The company’s finding reaffirm ours in our real world test of the Zeiss 85mm f1.4 Otus. We found the 55mm to be slightly sharper and also found the bokeh on the 135mm f2 to be better. Granted that’s a longer focal length.
Head on over to our full review of the Otus for more.
For a couple of weeks now, we’ve been testing the Zeiss 85mm f1.4 Otus lens on the Nikon D810. We’ve teased some images on our Instagram and got you guys excited about what it might be. Indeed, the mystery lens was the Zeiss 85mm f1.4 Otus. Recently announced in time for Photokina 2014, the 85mm f1.4 Otus is the company’s entry into the no-compromise on image quality arena. It is the follow up and partner to its 55mm f1.4 Otus–which received our Editor’s Choice award.
The Zeiss 85mm f1.4 Otus features 11 elements in 9 groups and a massive 86mm filter thread. Indeed, this is a serious piece of glass and of considerable size.
And despite the fact that Zeiss has delivered a spectacular product, just one thing made taking images a bit tough at times.
It was only a matter of time until Zeiss added a new lens to the Otus family: and today the company is announcing their 85mm f1.4 Otus lens. The company said on Facebook last year that they’d be releasing a new lens and indeed it’s on its way for Photokina 2014. Before we even get into it, the price is $4,490–way too much for many of us mere mortals. But the company has surely done a lot of work to make sure that the performance is the utmost top of the line. Indeed, we’ve been testing the lens for a couple of weeks now and it has been blowing our minds.
As for the features of the lens, it sports an all metal exterior with the exception of the focusing ring–which is made of rubber just like the company’s Touit lenses. The reason for this is due to working in the cold weather with the lenses. It has 11 elements in 9 groups, a minimum aperture of f16, has an 86mm filter thread, comes in Canon EF and Nikon F mounts, and weights 1140g for the Nikon version with the Canon version coming in at 1200g.
The lens is obviously targeted at portrait photographers along with fashion photographers–but given our user experience with the 55mm f1.4 Otus lens we will probably think that manually focusing the optic without a tripod may tend to shake the camera up a bit to get accurate focusing consistently.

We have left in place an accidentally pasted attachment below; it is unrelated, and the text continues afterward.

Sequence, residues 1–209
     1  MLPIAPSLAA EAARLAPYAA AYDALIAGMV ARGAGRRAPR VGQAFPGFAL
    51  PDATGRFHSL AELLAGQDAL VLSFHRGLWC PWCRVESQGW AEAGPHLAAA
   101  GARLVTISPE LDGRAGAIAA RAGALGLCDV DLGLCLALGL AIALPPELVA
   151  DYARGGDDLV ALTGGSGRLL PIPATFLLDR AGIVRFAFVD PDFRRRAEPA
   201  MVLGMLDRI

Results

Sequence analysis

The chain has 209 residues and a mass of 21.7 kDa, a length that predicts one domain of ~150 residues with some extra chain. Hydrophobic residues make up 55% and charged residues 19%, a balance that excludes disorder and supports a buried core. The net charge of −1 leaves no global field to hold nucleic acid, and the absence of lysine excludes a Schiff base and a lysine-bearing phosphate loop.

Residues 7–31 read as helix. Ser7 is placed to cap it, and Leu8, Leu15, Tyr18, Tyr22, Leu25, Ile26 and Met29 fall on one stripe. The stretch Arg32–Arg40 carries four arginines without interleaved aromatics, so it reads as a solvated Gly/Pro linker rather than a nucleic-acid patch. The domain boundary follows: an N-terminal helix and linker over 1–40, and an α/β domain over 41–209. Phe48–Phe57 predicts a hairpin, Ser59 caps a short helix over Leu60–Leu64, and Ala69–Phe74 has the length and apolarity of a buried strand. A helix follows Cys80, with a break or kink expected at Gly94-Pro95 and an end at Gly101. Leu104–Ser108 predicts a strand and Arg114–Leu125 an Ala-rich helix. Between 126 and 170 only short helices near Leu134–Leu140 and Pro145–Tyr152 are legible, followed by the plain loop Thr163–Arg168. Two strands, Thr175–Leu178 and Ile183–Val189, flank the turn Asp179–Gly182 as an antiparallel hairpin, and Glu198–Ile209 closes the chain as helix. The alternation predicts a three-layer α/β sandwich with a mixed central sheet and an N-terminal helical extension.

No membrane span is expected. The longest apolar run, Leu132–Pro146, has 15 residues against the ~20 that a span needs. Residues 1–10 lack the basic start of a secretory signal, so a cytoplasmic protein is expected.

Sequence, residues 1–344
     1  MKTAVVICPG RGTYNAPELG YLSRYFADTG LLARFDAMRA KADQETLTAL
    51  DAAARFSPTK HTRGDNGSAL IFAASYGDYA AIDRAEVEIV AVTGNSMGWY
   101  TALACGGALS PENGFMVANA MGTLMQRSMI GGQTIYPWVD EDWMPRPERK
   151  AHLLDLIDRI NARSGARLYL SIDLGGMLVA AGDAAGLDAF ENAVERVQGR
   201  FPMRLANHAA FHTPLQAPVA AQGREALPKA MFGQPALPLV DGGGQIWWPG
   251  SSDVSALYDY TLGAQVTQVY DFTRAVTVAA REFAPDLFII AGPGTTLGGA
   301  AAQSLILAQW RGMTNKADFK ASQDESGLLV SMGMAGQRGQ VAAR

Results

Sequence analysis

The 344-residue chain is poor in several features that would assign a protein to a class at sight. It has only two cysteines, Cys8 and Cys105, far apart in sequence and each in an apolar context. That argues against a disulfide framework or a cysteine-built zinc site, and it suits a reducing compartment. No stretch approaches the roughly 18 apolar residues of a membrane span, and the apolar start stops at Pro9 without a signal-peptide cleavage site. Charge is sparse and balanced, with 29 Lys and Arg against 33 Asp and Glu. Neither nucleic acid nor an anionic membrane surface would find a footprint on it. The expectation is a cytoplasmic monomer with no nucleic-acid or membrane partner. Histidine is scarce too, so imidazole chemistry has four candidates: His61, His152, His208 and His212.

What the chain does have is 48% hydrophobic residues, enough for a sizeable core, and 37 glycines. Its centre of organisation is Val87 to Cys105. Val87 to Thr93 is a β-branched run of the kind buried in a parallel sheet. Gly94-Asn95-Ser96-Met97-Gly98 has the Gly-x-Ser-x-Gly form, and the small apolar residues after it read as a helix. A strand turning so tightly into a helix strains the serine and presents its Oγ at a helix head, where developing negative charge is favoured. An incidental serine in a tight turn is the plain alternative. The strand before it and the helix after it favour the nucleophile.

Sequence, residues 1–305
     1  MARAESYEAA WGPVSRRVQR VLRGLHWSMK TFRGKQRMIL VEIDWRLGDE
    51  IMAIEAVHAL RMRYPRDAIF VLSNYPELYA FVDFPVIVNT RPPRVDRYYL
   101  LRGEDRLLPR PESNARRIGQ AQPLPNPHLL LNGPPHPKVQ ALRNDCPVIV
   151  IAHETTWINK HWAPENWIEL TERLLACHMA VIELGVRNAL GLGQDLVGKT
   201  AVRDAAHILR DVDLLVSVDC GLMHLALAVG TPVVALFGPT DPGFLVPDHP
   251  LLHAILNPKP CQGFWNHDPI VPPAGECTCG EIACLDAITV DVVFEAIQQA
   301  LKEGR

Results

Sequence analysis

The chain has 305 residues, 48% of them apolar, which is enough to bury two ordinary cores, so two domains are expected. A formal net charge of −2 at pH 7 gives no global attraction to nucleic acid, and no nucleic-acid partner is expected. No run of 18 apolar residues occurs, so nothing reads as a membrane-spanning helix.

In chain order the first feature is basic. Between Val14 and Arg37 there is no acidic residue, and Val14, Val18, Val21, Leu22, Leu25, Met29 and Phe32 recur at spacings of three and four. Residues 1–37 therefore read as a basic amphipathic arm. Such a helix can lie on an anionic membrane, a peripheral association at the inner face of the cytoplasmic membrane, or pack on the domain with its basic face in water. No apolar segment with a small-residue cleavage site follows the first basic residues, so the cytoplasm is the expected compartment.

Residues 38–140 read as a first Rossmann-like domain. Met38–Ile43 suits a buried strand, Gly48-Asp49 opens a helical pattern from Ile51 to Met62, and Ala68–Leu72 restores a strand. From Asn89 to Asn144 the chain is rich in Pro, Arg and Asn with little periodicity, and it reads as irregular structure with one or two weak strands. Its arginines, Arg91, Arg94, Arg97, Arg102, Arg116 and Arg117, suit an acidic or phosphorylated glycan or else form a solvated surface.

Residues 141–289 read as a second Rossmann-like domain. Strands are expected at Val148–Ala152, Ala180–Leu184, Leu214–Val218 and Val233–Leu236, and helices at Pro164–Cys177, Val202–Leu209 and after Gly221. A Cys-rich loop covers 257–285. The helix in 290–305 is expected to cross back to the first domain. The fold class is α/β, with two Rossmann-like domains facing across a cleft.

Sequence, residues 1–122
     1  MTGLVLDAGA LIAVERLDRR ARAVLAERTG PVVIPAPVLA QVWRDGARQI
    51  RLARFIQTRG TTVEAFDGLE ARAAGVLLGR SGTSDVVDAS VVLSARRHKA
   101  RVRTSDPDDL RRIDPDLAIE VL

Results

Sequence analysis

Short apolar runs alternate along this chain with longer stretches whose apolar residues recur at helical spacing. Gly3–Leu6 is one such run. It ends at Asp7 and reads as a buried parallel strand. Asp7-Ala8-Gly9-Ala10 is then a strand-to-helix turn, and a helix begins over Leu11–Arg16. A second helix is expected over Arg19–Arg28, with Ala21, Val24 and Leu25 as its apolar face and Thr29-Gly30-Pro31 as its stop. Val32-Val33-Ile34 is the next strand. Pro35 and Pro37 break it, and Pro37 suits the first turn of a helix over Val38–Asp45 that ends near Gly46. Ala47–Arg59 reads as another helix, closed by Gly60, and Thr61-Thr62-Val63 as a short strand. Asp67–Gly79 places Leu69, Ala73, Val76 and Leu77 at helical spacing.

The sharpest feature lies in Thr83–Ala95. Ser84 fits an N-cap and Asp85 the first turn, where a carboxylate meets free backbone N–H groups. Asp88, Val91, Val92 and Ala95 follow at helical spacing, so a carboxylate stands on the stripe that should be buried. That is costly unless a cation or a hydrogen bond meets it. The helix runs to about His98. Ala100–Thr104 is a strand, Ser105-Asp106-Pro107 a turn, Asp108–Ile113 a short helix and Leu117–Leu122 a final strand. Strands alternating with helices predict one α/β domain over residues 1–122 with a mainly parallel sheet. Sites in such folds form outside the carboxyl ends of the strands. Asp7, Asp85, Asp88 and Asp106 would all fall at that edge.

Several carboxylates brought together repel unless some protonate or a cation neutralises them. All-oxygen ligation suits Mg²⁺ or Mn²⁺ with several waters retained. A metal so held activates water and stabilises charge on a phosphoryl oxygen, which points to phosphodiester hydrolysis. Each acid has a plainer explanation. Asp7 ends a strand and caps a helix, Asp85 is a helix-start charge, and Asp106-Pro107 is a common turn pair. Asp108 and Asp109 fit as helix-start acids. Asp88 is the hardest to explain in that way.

At this point though, the photo world is most likely drooling over this lens but looking at Sigma for an autofocus response.
More tech specs and images are after the jump.
DxOMark is announcing their Sigma 50mm f1.4 Art lens findings today. According to what they did in the lab, the company concludes that the lens is outperformed by the 55mm f1.4 Zeiss Otus lens only in terms of light transmission, distortion control, and vignetting control. Otherwise, they’re basically exactly spot on when it comes to sharpness numbers. The even more fascinating news is that they both wipe the floor with Canon’s f1.2 L offering–and hopefully will dispel the myth that someone should only go for all L glass when building their Canon kit.
The company didn’t test the lens on the Nikon D800E and we figure that this is mostly because the units going around right now are Canon mount.
More findings are after the jump.
The Zeiss 55mm f/1.4 Otus Distagon T* lens is arguably one of the best lenses in the market today. You can tell from our extensive review that we happen think it’s nothing short of amazing. So when planet5D sent us word that a short film was shot using the lens, we knew we just had to share it with you.
When Los Angeles commercial photographer and cinematographer August Bradley realized that he and his team had early access to it, he just knew he had to shoot a short film with it. So, using his experiences at a tour of the Zeiss lens manufacturing facility in Germany as inspiration, he shot what would become the first-ever short film in history shot on this lens.
“The ideas in this film are based on my experience at Zeiss Cine Lens Day, where invited cinematographers from around the world toured the Zeiss lens manufacturing facility in Jena, Germany. In addition to manufacturing a wide range of lenses (a process that is both highly mechanized, but also involves a significant hands-on human touch), Zeiss makes planetarium projectors and watching the stars in the Zeiss Power Dome had an impact on this short piece as well.”
With the help of artist David Love, who crafted the mechanical lens machines and planetary installations in the film, Bradley’s “Zoetrope Optika” is a fantastical concept short that has a sort of camera utopian/dystopian-feel to it, as if you just walked into a photographer’s version of The Capitol in The Hunger Games. It effectively blends the vintage and the modern and perfectly captures humanity’s fascination with and attraction to machines.
While we have not been lucky enough to tour the Zeiss manufacturing facility like Bradley, seeing his film, we can kind of imagine how it would feel like. And now you can too.
See the short after the jump.